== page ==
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This might sound funny coming from me, but I can’t stand the manual therapy culture. All I see on Twitter and Instagram are inactive “active people” getting treated with “name the modality.” We pneumatically drill shoulders on a table, we look like we’ve been attacked by an over-amorous octopus, we squeeze the heck out of legs with moon boots, and we make appendages jump with electricity. Don’t get me wrong, I use all of these modalities and in future blog posts I plan to talk about how I’ve integrated them. But my go-to is HawkGrips, because unless you choose otherwise, all of my treatments are dynamic.

manual therapy technique dynamic movement HawkGrips IASTM Mark Shires ATC athletic trainer

Author Mark Shires (right) believes that most manual therapy techniques could benefit from incorporating more dynamic movement.

I understand that the social media posts I mentioned before are “post-workout,” but why don’t they include cooldown, stretching or postural work? I enjoy getting pampered as much as the next person, but as a therapist I know the key to getting better is exercise.

I don’t mean a daily CrossFit WOD (workout of the day), but rather those little pelvic tilts and scapular retractions you really have to concentrate on. And what better way to facilitate contraction than with a HawkGrips brush stroke in line with the transverse abdominis and lower trapezius?

Helping my patients means I have to take them to task. I don’t understand why clinicians feel we need to baby our patients when they are beating themselves up getting fit. Let’s not mince words when explaining that treatment may not be comfortable.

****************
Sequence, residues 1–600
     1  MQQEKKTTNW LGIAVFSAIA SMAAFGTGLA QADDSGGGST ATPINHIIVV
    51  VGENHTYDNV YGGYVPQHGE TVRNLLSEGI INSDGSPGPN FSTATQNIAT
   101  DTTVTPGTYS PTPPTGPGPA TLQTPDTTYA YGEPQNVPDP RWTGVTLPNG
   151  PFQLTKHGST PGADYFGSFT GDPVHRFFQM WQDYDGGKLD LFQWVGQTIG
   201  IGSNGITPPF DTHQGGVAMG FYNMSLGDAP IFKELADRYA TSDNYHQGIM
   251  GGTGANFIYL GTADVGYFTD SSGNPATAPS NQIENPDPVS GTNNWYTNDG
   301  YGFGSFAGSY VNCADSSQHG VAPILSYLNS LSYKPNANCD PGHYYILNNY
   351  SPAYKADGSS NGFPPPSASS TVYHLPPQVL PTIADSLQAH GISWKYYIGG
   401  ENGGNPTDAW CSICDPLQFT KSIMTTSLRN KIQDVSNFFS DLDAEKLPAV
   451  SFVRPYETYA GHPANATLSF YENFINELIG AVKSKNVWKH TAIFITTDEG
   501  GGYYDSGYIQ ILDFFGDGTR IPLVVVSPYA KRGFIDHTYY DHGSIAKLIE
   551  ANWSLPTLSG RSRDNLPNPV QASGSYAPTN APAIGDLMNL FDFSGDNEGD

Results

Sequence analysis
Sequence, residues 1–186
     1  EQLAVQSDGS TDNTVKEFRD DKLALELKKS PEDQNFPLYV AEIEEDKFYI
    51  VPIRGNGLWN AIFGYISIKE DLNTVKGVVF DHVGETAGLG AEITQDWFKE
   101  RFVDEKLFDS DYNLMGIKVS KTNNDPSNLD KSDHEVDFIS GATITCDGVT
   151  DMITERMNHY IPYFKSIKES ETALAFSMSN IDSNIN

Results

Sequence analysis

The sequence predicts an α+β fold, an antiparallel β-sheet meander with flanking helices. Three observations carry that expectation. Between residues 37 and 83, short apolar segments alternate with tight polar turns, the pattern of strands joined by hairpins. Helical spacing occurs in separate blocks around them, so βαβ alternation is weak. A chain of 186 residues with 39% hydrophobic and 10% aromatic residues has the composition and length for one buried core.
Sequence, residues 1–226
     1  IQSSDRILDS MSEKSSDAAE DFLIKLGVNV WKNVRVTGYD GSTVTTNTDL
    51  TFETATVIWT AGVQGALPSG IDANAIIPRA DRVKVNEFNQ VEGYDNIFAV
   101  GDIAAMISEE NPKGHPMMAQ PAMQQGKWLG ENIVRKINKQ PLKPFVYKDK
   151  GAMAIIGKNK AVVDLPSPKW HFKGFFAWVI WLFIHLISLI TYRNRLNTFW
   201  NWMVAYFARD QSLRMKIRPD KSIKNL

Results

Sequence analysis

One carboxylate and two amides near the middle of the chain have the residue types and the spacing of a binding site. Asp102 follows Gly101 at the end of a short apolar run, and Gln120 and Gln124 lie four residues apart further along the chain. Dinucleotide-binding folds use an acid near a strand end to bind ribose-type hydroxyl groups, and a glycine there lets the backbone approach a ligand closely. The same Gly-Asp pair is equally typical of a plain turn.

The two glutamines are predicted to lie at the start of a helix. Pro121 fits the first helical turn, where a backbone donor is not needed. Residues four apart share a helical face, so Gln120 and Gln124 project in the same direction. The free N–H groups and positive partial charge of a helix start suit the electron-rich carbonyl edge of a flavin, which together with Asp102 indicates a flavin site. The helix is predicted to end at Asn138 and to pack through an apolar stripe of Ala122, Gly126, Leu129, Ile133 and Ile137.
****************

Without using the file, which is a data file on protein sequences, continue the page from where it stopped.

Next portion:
Although instrument assisted soft tissue mobilization (IASTM) shouldn’t hurt, real gains are made through uncomfortable experience and time. Mount Rushmore took 14 years to complete, so it’s understandable that chipping away at someone’s ingrained postural faults could take a little while too.

Until next time, keep ‘em healthy.

✶ For an exclusive video featuring the author, check out the HawkGrips YouTube Channel!

Mark Shires recently began his ninth season as athletic trainer for the Norfolk Tides, the Triple-A affiliate of Major League Baseball’s Baltimore Orioles. This represents his 19th season overall with the Orioles organization, and he has twice been named International League Athletic Trainer of the Year. Shires also serves as an athletic trainer for Harcum College in Bryn Mawr, PA, during the offseason and has utilized HawkGrips since 2012.

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The human skin is the the largest organ of the integumentary system. It is enriched with dense neurological tissue that permeates the entire body and provides a uniquely accessible means of influencing tone and function of underlying structures. Fascia and muscle generate and transfer kinetic energy in an environment by which functional movement relies on a combination of elastic recoil and eccentric control around a focal, multi-planar axis.

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